Native Lancers (ETW Unit)
The lance is probably the oldest cavalry weapon. It gives the user a chance to put all the momentum of himself and his charging horse into one very sharp point that can, in the hands of a skilled man, be driven right through any man. This is what makes lances so intimidating to face but, if the lancer does not kill his target, he is then vulnerable. A long lance is a good deal less use in a melee than a sword, and a lancer is at a disadvantage once the close fighting starts.
Historically, many nations used lancers, although the European fashion for them owes much to the uhlans: cavalry raised for Austrian and Prussian service. The French adopted lancers with some enthusiasm, and Napoleon even included Polish lancers in his Imperial Guard. In India the lance had long been used as a weapon, and lancer skills were often improved by "pegging" (picking tent pegs out of the ground with the lance tip) or pig-sticking (hunting wild pigs or even wild dogs with the lance). Native Indian lancers were rightly feared by European troops.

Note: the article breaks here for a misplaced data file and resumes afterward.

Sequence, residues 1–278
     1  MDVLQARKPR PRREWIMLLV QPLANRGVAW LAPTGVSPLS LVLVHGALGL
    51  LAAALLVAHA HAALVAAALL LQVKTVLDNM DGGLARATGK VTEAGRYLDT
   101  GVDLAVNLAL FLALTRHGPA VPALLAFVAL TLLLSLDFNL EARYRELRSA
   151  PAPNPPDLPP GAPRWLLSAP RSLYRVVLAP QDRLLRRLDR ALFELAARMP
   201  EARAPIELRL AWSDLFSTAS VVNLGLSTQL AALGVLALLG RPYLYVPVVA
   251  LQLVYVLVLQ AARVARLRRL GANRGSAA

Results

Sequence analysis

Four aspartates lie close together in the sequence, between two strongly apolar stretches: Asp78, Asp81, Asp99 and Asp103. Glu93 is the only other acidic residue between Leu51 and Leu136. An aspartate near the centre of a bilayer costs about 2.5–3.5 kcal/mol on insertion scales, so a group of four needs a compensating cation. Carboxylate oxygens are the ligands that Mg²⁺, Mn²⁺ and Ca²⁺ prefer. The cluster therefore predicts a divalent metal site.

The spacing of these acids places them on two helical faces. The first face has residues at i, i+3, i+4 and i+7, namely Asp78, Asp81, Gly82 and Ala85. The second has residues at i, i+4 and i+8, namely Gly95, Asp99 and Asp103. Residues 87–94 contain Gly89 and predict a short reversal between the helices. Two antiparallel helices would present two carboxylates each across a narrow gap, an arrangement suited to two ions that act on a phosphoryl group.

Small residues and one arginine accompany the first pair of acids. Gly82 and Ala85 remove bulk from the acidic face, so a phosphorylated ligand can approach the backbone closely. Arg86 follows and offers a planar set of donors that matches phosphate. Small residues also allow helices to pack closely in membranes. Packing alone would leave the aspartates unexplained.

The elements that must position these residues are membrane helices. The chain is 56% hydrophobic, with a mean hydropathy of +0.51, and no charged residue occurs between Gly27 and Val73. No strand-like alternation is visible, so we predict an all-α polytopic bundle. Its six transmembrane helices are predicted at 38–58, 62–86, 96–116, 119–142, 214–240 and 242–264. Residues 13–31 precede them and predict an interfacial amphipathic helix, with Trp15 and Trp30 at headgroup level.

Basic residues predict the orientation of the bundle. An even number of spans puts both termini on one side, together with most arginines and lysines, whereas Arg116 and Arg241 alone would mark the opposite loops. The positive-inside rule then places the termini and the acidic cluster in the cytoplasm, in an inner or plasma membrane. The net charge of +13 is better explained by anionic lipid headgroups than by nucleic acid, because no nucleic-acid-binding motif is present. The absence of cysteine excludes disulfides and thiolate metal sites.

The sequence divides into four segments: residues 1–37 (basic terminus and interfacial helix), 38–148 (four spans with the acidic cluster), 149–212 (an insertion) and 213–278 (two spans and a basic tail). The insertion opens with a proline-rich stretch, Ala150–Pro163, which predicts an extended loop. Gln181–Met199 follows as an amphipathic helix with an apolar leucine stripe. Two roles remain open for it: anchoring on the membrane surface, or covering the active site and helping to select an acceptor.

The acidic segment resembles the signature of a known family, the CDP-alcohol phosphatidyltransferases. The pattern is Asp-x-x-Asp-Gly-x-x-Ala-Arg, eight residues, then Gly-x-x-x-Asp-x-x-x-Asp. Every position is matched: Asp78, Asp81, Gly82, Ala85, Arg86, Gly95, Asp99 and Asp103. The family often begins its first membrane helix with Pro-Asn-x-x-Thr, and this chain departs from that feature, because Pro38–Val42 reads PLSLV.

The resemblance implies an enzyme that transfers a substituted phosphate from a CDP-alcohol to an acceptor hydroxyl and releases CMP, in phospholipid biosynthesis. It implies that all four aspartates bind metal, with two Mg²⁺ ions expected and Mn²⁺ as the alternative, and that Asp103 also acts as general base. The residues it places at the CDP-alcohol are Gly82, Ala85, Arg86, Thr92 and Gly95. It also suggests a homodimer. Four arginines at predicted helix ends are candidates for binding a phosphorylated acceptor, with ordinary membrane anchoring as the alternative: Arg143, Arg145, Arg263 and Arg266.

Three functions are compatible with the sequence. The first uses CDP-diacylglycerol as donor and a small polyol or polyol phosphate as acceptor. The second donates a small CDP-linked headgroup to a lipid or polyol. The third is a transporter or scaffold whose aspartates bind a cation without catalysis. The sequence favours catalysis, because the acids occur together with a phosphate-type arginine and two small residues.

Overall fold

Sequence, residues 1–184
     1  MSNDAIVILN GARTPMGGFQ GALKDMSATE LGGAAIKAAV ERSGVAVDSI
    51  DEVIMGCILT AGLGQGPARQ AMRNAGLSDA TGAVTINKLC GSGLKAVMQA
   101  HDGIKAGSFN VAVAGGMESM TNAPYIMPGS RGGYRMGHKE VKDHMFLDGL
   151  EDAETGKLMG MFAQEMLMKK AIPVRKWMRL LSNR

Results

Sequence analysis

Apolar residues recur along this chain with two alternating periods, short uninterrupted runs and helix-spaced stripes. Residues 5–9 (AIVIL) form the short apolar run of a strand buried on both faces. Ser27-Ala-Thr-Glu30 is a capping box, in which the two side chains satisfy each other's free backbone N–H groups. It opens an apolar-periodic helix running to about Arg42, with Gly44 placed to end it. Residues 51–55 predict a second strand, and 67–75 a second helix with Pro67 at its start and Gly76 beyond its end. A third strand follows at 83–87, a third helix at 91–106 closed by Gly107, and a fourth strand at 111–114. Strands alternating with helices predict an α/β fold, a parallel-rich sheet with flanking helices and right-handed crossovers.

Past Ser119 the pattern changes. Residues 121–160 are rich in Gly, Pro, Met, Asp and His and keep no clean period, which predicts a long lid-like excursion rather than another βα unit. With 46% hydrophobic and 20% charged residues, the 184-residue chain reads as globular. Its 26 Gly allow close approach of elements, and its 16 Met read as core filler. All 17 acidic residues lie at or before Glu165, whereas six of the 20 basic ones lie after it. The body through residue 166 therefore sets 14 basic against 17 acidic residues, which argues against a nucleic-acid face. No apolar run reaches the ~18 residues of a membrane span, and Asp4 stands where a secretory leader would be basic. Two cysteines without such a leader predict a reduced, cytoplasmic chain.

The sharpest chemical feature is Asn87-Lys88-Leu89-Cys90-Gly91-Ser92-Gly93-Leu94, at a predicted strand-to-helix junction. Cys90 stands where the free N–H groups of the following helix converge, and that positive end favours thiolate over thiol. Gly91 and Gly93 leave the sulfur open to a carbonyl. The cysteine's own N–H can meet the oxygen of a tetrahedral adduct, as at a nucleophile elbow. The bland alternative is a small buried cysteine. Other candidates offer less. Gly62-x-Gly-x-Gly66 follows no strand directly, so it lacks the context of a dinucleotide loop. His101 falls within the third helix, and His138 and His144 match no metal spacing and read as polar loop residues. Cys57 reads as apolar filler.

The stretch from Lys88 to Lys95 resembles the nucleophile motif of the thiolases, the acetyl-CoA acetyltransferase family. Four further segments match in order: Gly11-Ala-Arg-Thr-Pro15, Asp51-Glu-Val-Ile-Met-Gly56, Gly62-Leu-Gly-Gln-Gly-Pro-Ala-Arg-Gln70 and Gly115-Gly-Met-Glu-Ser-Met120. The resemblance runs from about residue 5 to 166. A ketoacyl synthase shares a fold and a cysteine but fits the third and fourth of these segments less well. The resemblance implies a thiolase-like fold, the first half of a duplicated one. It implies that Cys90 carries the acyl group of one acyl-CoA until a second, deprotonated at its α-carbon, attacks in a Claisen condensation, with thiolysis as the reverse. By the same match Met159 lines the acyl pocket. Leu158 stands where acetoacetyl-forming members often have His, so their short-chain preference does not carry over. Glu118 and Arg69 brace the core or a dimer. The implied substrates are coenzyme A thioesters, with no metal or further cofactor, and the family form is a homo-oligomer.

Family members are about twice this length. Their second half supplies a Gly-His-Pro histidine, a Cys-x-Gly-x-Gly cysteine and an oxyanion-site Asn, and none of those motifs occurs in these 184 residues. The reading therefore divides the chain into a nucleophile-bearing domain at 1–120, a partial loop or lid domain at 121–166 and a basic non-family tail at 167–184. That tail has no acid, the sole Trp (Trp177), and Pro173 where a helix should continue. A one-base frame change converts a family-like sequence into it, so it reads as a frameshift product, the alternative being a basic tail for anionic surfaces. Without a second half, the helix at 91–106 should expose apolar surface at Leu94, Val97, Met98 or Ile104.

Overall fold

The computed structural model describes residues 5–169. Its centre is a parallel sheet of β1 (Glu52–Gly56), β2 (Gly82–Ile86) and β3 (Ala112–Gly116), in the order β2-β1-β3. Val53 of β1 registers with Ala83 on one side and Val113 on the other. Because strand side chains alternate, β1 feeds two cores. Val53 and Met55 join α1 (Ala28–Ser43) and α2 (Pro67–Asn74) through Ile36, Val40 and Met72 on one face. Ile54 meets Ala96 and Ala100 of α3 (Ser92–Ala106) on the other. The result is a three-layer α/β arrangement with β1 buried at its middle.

Native Lancers are cavalry that are excellent at charging headlong into masses of infantry, as their momentum behind their lance along with the sheer weight of their mount is a deadly combination to foot soldiers. However, once engaged lancers are at a disadvantage, meaning that a series of charges and retreats would be wise strategy for maximum damage on enemy units.